Peterson is approaching what he perceives as chaos with an articulated order: he is presenting maps that expose the lack of meaning in people’s lives by—or in the process of—offering up what (he sees) is truly meaningful. The danger of this is that it prevents the creative potential of chaos—of lack of meaning in our lives—from begetting its own solution.
A Snake-Oil Salesman’s Diagnosis
By this I mean, if Peterson is making people aware of the lack of meaning in their lives in more or less the same breath (or at least the same lecture or series of lectures) as he is offering up a map of meaning, there is every possibility they will simply use the map to bung up the hole where meaning ought to be, like a Band-Aid over an infectious wound.
This is the method and ruse of the snake oil salesman: first (mis-)diagnose the sickness, then offer the cure. If you are really clever, you sell the cure in such a way that people don’t even realize they are sick until they take it. This bypasses the process of solitary self-examination and discovery, a process that, by definition, no guru can permit his followers to experience.
That Peterson is, or is on his way to becoming, a guru for the secular seekers of the world (including the spiritually-minded, and maybe even Christians too) is something there can be little doubt about. That he aspired to such a role is also hard to refute, seeing as how his only previous book, twenty years ago in 1999, was called Maps of Meaning and his current platform is more or less wholly consistent with the system he worked out back then.
In other words, Peterson has been working—and waiting—a long time for this opportunity. There is nothing necessarily wrong with this as an aspiration, or even, potentially, as a method, though personally I think anyone sufficiently driven to become a world teacher to succeed at his goal, must have some deeply neurotic patterns driving him.
But if we leave aside Peterson’s personal psychology (something I try to do as much as possible), the question becomes, how complete (and how effective) are the maps he is selling? I don’t think it’s possible to answer this without referring back to Peterson himself, and to the following, the cultural movement, he has generated.
The Jordan Peterson Avatar?
What Peterson embodies, in my opinion, is much more important than what he argues. And one thing Peterson undeniably embodies at this stage is success, fame, wealth, notoriety, and social power and influence. Peterson’s celebrity status means he is reaching vastly greater numbers than previously, but it also means he is no longer able to attend to everyone who is seeking to get his attention, legitimately or not (Peterson stopped seeing his patients after his celebrity grew too large for him to manage both).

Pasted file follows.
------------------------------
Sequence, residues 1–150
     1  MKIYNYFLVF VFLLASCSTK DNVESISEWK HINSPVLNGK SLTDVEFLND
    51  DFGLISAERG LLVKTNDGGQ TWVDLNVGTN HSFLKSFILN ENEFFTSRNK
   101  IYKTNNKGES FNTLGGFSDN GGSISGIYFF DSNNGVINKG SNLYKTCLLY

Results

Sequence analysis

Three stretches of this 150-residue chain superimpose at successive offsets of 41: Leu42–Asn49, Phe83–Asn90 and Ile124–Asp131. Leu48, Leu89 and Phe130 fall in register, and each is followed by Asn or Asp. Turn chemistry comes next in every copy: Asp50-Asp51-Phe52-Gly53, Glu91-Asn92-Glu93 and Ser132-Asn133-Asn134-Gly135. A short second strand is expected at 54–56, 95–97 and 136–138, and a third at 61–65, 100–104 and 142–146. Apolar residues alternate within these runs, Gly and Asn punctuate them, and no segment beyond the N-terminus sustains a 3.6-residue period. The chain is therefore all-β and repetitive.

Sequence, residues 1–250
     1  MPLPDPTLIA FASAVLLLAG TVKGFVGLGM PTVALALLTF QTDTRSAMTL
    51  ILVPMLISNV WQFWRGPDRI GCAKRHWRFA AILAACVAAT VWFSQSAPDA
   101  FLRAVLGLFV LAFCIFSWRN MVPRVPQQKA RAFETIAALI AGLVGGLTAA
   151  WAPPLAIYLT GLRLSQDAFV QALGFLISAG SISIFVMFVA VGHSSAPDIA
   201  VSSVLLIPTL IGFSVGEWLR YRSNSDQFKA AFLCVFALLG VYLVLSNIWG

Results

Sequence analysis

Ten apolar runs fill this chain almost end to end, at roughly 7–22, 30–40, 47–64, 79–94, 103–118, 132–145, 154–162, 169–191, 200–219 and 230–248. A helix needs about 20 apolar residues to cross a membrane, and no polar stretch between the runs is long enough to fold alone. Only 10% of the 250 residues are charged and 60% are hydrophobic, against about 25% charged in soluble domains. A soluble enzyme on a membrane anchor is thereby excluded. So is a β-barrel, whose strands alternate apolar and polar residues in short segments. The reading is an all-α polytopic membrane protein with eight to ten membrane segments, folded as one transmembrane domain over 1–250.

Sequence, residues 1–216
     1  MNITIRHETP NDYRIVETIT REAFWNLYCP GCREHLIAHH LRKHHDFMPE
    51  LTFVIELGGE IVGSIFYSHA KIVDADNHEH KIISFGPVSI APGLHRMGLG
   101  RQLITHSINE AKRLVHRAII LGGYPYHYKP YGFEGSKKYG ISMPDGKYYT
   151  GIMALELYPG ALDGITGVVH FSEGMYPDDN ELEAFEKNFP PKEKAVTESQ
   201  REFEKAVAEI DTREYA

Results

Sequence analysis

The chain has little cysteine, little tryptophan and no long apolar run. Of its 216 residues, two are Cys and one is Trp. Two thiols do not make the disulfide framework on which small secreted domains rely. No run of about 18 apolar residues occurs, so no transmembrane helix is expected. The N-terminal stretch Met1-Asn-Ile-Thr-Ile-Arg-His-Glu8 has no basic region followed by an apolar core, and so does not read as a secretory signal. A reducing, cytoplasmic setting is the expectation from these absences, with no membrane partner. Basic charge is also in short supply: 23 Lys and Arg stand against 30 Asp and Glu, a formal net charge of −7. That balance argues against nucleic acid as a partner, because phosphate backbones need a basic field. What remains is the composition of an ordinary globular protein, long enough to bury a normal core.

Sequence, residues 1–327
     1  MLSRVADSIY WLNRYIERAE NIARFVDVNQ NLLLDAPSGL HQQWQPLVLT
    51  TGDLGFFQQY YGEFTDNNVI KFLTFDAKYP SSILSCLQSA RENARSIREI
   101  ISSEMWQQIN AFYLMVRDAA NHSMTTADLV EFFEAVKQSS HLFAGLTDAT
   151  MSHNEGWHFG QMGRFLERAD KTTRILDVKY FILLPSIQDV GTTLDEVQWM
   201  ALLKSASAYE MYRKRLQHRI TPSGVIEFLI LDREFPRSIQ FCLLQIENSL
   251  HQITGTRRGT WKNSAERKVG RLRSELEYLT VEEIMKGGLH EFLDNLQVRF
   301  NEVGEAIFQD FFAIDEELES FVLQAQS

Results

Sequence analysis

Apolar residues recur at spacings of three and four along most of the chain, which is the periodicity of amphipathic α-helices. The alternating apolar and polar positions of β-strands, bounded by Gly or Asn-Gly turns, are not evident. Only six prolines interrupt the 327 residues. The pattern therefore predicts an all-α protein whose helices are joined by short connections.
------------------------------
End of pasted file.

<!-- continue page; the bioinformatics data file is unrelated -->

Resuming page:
Is it possible to separate Peterson’s arguments—his stance—from the platform they issue from, i.e., the platform of his celebrity? Or are his arguments inevitably altered by that platform, not only in terms of how pervasive they have become but how persuasive, and how polarizing? High status, after all, is inherently both impressive and threatening to us.
This leaves a wider question, that of whether celebrity in and of itself—i.e., the raising up of an individual to high social status and influence over large numbers of people—is inherently benign, neutral, or harmful. It’s here, I think, that the crux of my argument can be found.
What happens when we develop a “relationship” with a celebrity? In most cases, besides the numerical increase in Patreon donations, YouTube hits, blog shares, or Twitter followers, they do not even know we exist, which means we never really know how or who they are in relation and in response to us. Some relationship. We experience a celebrity only in relation to the audience (cult) we are part of, in relation to “the world.”
We are seeing a performance of a human being in place of a real human being, an avatar in place of flesh and blood.
When Virtue Becomes Virtuosity
The more time I spend on this subject, the more I keep coming back to the question of numbers, of quantity vs. quality, and of status vs. virtue. I think it’s the central question about Jordan Peterson not being raised.
At this point, Peterson is like a pound of butter spread over all the loaves in Ontario. Unless we believe in the feeding of the five thousand, and that Peterson is an equivalent miracle-worker to Jesus, there’s simply no way he isn’t handing out a lot of dry bread and leaving hordes of people hungry and unsatisfied.